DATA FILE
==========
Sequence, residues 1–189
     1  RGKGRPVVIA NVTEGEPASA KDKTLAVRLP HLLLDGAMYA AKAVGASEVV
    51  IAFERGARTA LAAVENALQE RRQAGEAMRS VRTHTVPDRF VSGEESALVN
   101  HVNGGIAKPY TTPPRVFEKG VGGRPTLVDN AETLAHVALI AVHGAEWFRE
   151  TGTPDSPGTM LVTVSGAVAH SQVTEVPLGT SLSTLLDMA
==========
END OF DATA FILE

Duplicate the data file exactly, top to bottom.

Sequence, residues 1–189
     1  RGKGRPVVIA NVTEGEPASA KDKTLAVRLP HLLLDGAMYA AKAVGASEVV
    51  IAFERGARTA LAAVENALQE RRQAGEAMRS VRTHTVPDRF VSGEESALVN
   101  HVNGGIAKPY TTPPRVFEKG VGGRPTLVDN AETLAHVALI AVHGAEWFRE
   151  TGTPDSPGTM LVTVSGAVAH SQVTEVPLGT SLSTLLDMA